The Importance of Self-Care for Caretakers
By Marie Miguel
Humans were born to take care of each other. It is just what we do. A caregiver is anyone who provides service to another to help make their life easier. Anyone who has a loved one with a chronic or severe illness and needs help with everyday activities such as dressing, eating, and walking is also considered a caretaker. You may have to spend all day, every day and all night as well taking care of and worrying about your loved one.
It is Just Natural… Or Is It?
Taking care of a loved one may seem like just a natural thing to do but doing this is the hardest type of job there is. Harder than taking care of other people who are not loved ones because you are typically doing it 24 hours a day, seven days a week. Nothing like if you had a job taking care of someone where you get to leave after your eight hours are up. Also, you do not get paid to take care of your loved one, so you usually have to have an outside job as well to be able to afford to provide for you and your loved ones. It is a difficult job and can take a toll on you physically as well as mentally.
Stress and anxiety can cause physical as well as mental health issues. Sometimes, just getting out of bed in the morning may seem like too much to handle. Knowing you will have to be responsible for someone all day every day is just difficult. Just like having a newborn baby but even more stressful because this person is an adult and can talk, many times not having anything nice to say to you if they are suffering from Alzheimer’s or dementia. You may end up with depression or an anxiety disorder that can create even more problems.
Symptoms of Depression or Anxiety
You may start feeling overwhelmed, sad, or guilty or just want to ignore everyone and everything. These are signs of depression and anxiety and you need to take care of yourself before you can continue to take care of someone else. After all, how can you take care of them if you are not in good health, mentally or physically? According to studies, if you are taking care of a spouse between the ages of 66 and 96, your chance of dying is 63% higher than people who are not caregivers. How is that possible? How does stress make actually kill you?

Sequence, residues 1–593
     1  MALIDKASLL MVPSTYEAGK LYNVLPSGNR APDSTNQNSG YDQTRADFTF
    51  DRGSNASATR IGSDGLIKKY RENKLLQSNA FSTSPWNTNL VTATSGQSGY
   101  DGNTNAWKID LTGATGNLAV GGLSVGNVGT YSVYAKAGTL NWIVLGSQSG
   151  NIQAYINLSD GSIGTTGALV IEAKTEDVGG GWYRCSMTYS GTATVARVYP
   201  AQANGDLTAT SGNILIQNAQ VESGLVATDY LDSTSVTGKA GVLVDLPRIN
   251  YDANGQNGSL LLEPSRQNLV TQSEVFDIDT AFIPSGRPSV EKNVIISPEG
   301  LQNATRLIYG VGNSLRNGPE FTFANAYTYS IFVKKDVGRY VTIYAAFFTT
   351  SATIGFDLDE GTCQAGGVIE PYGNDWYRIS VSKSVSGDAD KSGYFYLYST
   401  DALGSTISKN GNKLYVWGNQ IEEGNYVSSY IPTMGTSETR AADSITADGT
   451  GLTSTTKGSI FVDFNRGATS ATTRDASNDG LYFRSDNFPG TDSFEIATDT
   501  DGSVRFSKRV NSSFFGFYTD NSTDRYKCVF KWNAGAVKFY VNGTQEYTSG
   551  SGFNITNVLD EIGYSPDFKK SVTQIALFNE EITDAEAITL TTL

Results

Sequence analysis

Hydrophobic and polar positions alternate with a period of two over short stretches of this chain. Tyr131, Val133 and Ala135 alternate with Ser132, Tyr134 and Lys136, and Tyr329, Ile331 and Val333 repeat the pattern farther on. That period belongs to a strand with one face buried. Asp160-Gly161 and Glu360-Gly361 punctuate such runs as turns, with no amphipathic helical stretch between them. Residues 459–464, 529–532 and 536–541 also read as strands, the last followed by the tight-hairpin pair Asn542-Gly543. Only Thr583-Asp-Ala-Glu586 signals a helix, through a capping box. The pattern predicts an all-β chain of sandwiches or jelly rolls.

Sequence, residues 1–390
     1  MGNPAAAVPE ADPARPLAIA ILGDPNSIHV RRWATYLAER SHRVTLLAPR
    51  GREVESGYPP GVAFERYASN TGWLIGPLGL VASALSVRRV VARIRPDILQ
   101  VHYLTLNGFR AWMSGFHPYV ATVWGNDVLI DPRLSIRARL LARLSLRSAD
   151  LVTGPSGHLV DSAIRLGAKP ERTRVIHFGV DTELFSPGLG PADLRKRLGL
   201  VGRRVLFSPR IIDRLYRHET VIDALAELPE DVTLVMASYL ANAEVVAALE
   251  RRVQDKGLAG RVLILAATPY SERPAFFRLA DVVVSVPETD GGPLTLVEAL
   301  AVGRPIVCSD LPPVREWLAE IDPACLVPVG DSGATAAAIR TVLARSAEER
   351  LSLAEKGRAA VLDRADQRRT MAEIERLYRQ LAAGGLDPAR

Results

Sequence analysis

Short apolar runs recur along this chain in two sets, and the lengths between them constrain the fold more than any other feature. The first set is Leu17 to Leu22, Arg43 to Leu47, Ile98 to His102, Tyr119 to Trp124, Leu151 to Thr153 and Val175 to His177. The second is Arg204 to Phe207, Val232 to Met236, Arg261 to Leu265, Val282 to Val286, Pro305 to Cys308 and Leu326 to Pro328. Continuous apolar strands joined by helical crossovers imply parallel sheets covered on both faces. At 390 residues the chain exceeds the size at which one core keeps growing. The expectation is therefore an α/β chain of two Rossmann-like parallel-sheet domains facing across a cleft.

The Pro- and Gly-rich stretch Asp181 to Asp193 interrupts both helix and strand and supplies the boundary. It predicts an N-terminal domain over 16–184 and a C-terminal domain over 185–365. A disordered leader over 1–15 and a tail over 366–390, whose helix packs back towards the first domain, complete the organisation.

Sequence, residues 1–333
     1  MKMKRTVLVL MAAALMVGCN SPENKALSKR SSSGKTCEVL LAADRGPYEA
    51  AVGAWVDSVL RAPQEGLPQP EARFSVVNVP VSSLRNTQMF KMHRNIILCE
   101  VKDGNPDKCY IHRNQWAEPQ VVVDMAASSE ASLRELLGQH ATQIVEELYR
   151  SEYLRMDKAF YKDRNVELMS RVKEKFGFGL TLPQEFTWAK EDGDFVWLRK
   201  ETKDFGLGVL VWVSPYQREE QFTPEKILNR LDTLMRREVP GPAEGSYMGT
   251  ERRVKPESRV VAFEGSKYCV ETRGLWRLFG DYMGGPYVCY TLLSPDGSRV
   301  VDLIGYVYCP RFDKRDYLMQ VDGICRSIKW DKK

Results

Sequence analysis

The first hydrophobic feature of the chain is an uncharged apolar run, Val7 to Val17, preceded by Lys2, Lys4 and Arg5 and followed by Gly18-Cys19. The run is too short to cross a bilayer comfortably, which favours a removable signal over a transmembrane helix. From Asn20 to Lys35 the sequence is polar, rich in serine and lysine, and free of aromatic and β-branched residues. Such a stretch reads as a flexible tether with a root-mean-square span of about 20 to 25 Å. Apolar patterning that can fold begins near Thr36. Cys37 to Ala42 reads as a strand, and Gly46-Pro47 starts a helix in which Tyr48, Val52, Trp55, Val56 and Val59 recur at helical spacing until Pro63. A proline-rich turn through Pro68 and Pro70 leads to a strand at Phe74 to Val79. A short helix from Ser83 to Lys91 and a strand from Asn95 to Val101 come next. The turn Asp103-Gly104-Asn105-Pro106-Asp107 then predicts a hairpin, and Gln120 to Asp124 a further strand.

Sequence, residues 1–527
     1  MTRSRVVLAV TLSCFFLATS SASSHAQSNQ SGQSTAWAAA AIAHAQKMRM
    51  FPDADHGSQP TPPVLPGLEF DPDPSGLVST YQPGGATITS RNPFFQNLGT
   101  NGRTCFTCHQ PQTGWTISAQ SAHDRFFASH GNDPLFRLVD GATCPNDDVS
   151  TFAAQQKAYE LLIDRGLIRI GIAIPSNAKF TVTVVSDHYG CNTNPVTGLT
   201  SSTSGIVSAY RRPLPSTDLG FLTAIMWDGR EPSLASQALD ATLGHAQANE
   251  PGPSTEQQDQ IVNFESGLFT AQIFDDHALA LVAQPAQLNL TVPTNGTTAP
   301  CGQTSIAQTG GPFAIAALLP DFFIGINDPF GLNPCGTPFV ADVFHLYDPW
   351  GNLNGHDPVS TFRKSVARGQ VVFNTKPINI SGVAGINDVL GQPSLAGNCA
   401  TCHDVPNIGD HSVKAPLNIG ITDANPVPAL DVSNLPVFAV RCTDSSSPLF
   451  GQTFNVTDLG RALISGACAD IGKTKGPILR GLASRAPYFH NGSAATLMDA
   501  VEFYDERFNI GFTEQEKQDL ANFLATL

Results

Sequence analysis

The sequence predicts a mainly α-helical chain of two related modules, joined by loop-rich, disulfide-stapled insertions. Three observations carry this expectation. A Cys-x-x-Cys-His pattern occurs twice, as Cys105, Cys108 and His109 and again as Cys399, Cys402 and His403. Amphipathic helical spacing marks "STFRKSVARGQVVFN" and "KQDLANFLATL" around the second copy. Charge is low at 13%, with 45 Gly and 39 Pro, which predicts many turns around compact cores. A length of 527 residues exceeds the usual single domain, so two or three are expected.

First of all, stress can weaken your immune system, which leaves you more susceptible to illnesses and cancer. You are more likely to catch illnesses such as influenza and even the common cold. That may seem like it is not a big deal but when you are taking care of someone 24/7, any kind of illness can affect you both a great deal. Especially if you also work outside the home. Caring for loved ones you live with also causes sleep deprivation, which can also make you more susceptible to illnesses.
Take Care of Yourself Too
So, what can you do? Take care of yourself. Of course, you probably do not have time to go see a mental health professional. Not with having to take care of your loved one 24/7. But with online therapy with betterhelp.com, you can talk to a professional without an appointment. In fact, you do not even need to leave your house.
Marie Miguel has been a writing and research expert for nearly a decade, covering a variety of health- related topics. Currently, she is contributing to the expansion and growth of a free online mental health resource with BetterHelp.com. With an interest and dedication to addressing stigmas associated with mental health, she continues to specifically target subjects related to anxiety and depression.